From Chris Chandler
Central Lincoln PUD
The two wooden structures holding up Central Lincoln’s 69-kilovolt lines across Alsea Bay in Waldport are nearly 50 years old, and those years have not been kind.
“Those two structures have been worrying me for some time, said Central Lincoln’s Chief Engineer, Bruce Lovelin. “They’ve been deteriorating due to rough coastal weather, age, and sea salt. And, if either of them had come down in a storm, we would have had to scramble to keep the lights and heat on in the Waldport area.”
But replacement in water isn’t as simple as just pulling out one, and putting in another. “We were required to get permits from several state and federal agencies due to their concerns for aquatic species, and the application process took nearly three years. The permits require us to be finished by March 15—less than two weeks away. We’ve carefully planned every detail, and are very hopeful we’ll have decent weather,” Lovelin said.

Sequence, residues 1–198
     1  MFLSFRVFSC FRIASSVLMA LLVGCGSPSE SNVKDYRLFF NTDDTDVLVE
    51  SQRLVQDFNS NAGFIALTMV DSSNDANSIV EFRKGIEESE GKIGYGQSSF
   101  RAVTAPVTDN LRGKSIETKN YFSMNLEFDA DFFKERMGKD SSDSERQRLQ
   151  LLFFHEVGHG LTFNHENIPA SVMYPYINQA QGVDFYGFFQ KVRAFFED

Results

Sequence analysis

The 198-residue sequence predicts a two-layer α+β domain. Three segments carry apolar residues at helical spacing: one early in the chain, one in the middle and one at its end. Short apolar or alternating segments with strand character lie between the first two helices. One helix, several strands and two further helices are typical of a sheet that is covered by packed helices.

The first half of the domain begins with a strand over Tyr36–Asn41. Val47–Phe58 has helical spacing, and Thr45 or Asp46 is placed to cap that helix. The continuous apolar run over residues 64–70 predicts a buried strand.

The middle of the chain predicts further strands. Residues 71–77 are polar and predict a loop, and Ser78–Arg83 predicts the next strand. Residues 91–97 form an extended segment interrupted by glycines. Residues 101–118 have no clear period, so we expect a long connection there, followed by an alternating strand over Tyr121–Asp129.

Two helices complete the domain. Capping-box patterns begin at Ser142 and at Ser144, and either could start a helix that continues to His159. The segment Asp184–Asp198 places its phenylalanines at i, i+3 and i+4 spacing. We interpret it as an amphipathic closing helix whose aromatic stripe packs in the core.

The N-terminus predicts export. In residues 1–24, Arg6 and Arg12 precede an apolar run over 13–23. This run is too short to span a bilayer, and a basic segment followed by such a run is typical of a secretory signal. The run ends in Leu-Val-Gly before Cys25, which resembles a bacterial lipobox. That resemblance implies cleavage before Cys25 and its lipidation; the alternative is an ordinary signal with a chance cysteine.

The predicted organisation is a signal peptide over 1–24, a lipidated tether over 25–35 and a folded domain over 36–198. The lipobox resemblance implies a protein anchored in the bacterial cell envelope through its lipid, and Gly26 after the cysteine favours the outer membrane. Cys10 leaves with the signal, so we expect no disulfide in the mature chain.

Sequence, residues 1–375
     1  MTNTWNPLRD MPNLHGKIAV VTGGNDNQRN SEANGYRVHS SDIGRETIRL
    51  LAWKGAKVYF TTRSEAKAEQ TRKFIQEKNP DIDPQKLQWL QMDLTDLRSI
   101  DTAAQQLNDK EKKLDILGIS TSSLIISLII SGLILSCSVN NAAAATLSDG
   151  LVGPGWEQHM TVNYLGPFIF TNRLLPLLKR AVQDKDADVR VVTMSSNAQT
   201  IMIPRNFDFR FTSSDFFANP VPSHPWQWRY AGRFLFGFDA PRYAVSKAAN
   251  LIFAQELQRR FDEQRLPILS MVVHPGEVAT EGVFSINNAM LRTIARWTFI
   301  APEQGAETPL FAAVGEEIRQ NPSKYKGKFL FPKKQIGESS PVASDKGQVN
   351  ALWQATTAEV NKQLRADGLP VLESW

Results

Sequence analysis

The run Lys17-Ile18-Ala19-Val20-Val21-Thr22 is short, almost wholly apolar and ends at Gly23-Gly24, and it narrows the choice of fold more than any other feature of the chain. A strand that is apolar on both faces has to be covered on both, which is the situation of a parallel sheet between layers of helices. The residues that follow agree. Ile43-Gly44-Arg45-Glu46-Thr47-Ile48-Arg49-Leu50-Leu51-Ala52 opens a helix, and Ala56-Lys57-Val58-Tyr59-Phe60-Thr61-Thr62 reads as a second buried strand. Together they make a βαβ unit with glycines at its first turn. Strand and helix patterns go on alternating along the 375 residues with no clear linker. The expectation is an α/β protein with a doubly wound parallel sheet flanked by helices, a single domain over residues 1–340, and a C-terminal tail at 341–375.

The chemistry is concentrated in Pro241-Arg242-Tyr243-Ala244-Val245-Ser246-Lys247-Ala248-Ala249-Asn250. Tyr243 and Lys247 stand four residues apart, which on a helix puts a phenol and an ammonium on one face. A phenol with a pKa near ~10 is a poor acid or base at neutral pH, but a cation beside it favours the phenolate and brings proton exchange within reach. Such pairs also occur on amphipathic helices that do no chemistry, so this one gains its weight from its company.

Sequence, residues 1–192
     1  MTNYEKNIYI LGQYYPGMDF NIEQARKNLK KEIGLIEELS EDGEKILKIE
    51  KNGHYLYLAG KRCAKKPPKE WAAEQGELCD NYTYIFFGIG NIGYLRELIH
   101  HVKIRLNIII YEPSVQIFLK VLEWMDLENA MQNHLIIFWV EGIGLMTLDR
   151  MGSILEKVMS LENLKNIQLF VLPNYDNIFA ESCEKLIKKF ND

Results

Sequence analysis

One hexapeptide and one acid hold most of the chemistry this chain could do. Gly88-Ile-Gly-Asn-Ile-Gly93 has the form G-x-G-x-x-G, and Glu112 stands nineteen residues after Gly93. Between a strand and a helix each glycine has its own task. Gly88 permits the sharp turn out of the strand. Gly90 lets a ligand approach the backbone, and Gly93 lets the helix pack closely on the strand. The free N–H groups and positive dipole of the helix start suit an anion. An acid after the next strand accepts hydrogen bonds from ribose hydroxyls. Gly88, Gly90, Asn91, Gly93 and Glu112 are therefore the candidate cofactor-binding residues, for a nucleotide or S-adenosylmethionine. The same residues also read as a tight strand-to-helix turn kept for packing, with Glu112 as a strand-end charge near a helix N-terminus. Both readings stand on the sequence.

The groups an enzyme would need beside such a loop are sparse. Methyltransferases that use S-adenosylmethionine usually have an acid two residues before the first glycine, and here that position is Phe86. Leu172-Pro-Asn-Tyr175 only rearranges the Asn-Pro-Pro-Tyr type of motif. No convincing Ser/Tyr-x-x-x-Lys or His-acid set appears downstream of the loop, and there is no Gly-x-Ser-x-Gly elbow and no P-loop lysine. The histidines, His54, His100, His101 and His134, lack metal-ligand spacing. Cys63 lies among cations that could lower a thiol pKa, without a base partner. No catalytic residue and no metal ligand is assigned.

What are currently two three-pole wooden structures will be replaced with two pairs of steel towers that will be only slightly higher than the old ones. “Guy” wires and anchors, and some old pilings will be removed as well. The new steel structures are expected to last 80 years, are designed to stand up to winds of 130 miles per hour, and won’t need guy wires or anchors. “We want customers in the Waldport area to know that at first, the new structures will stand out,” said Lovelin. “But after a few years, thanks to salt air and time, the steel structures will blend in much like the old wooden ones do now.”
With a barge, a crane, four steel towers, installation of tower holders called “caissons,” and wooden structure removal there will be much to see in the Alsea Bay area in March. “This is a great project, and we welcome our customers to watch every step,” Lovelin smiled. “But safety comes first, so we ask that folks please stay back a safe distance. This especially includes boats, canoes, and kayaks. We appreciate everyone respecting our safety boundaries.”